It was three years ago this week that Federal Reserve Chairman Ben Bernanke became the first US central banker to sit down for a vanity interview with “60 Minutes,” an interview in which he heralded the “green shoots” that he was seeing in the economy.
Hence, it is no surprise that in the spring of this election year the “green shoots” brigade is out in force again, aided by an enthusiastic mainstream media that tells us day after day that the economy is getting better.
Indeed, the employment picture in America has brightened a bit, with an average of 245,000 new jobs added over the past three months as the unemployment rate fell to 8.3 percent. “Great news for the president” is the conventional wisdom.
Yes, 8.3 percent unemployment is far better than the 10.2 percent we saw back in October 2009. Still, when voters “vote their pocketbook” come November, unemployment is just one — although the main — component of their economic well-being. The other is inflation, and on that front Team Obama has a lot to be worried about.
Remember the Misery Index? Veteran Democrats do, and so do the president’s re-election operatives in Chicago. The Misery Index is the sum of the unemployment and inflation rates, and it’s what did in Jimmy Carter in 1980 as runaway inflation compounded an already bleak economic picture.
On the face of it, the government measure of consumer prices, the CPI, is just mildly alarming — with the government estimating prices to be rising at a 3.1 percent annual rate.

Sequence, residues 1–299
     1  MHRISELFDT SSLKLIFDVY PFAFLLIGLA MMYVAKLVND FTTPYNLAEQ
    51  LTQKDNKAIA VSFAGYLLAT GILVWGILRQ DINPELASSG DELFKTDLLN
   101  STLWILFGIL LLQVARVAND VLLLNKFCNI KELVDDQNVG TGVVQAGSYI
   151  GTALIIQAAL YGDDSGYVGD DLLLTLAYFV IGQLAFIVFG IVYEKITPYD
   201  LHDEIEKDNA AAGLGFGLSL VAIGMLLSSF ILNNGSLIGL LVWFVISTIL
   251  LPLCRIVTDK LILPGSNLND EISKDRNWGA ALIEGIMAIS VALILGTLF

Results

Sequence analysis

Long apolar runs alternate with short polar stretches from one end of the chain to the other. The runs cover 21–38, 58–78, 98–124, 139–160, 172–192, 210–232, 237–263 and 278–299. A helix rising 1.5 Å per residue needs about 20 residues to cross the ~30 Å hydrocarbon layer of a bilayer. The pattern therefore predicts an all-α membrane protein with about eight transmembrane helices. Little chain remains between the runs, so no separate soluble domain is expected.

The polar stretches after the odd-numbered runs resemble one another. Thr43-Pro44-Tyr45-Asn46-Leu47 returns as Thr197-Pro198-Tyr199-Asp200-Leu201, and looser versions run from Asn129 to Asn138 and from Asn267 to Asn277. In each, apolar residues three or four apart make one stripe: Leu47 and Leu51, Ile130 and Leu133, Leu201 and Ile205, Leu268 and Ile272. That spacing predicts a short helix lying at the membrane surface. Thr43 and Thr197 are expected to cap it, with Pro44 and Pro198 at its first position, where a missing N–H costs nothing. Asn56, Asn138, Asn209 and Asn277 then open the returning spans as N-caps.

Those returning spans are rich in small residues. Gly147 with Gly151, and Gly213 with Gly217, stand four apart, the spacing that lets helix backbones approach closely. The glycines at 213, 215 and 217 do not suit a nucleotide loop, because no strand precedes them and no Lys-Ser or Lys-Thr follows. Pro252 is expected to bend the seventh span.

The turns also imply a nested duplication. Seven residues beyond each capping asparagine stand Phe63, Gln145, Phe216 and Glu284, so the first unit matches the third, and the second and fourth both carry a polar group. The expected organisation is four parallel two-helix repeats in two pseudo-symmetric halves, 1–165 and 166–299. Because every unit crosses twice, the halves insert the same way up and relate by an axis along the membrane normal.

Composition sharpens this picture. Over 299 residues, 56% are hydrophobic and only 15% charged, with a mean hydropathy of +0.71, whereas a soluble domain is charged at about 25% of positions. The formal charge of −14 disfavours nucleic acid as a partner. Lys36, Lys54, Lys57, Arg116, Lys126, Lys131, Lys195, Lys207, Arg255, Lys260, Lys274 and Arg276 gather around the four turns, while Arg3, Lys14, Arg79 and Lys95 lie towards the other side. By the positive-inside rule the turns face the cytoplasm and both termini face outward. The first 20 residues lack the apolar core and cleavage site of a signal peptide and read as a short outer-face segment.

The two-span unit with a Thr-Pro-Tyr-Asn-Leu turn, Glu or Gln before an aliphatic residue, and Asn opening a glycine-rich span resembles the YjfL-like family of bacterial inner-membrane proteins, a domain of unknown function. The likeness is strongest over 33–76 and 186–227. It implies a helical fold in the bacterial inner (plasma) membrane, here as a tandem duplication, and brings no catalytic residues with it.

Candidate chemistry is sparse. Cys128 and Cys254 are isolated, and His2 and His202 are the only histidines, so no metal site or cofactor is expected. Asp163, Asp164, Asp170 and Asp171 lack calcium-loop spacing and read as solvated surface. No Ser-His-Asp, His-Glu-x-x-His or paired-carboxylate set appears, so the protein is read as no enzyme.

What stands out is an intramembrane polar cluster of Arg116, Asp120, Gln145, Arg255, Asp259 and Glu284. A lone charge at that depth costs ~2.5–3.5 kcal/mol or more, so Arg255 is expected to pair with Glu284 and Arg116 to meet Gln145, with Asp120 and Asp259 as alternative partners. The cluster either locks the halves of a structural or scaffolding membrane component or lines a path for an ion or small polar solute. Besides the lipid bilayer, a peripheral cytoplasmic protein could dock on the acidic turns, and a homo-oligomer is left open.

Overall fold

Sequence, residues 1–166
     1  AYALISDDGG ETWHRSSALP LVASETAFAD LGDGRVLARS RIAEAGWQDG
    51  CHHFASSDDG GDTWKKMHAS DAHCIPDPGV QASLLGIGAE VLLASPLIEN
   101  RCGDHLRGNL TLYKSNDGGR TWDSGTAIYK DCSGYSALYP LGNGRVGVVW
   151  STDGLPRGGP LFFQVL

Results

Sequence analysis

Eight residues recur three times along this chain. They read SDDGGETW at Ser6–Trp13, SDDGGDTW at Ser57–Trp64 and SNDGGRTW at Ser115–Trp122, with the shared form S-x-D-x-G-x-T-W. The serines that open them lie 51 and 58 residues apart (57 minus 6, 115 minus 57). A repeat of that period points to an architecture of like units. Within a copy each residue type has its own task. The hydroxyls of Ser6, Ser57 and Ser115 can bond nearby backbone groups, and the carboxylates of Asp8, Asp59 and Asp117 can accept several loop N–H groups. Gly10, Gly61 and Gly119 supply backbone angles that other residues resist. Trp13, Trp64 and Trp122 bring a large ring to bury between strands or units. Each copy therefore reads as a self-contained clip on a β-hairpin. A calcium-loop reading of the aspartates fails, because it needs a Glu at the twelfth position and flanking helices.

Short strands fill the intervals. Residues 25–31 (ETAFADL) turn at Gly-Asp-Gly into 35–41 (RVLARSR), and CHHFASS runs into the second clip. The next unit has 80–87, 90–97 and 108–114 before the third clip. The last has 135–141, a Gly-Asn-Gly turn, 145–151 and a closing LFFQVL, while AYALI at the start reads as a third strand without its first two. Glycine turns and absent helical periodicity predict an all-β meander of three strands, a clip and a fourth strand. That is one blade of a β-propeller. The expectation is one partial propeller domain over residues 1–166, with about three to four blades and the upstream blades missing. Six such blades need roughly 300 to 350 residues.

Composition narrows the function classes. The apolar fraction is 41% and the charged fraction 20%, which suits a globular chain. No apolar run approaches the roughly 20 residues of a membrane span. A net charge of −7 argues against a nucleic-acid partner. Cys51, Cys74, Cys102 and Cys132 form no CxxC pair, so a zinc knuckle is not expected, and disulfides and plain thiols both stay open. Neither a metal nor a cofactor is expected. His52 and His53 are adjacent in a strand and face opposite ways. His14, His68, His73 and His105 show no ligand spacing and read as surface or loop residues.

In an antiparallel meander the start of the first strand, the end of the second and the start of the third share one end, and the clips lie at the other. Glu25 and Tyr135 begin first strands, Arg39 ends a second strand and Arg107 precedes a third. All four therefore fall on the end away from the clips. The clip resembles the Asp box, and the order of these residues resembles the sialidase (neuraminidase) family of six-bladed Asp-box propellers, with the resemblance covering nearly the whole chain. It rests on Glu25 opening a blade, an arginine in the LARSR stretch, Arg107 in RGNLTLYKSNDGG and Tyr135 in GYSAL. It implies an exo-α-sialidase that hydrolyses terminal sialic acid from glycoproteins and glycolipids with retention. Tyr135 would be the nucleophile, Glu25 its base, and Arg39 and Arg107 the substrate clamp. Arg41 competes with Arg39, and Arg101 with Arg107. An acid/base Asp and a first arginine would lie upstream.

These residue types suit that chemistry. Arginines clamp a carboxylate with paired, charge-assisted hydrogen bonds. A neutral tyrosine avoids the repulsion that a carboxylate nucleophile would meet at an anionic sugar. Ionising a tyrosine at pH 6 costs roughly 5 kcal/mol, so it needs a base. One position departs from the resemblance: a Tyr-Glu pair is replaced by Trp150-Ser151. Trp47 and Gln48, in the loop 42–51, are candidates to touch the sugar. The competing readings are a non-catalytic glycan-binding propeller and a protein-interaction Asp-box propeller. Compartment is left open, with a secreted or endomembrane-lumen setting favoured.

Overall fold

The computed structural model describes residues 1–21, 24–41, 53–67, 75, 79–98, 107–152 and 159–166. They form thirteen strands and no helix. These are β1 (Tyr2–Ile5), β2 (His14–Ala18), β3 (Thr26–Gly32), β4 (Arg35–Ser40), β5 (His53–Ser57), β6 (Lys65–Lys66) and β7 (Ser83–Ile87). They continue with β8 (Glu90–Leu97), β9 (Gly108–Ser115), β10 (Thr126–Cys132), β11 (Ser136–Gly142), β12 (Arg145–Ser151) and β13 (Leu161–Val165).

But as anyone who pays the bills or does the household grocery shopping knows, a government-reported 3.1 percent inflation rate is laughably low. Bought cereal or mac and cheese for the kids lately? If so, you’re aware of the near double-digit increase in prices in the supermarket aisles.
So what is the true inflation rate?
Fortunately, the folks at the American Institute of Economic Research have resurrected the idea. Their Everyday Price Index (EPI) strips away the cost of big-ticket items, like homes and cars, and looks at the cost of things that consumers encounter on a daily or monthly basis, such as groceries, prescription medicine, and telephone and cable bills. By that measure, the Everyday Price Index shows inflation galloping ahead at an 8.1 percent annual rate, a reading that would put the current Misery Index at a Carter-like 16.4 percent — not a good recipe for re-election.
Averaging the CPI and the EPI gives us a rate of 5.6 percent, a number most New Yorkers, and probably most Americans, would consider on the mark.
By that estimate, the Obama Misery Index comes in at 13.9 percent, higher than that of any president up for re-election since Carter in 1980, but not too far above the 12.4 percent misery reading when Ronald Reagan ran in 1984.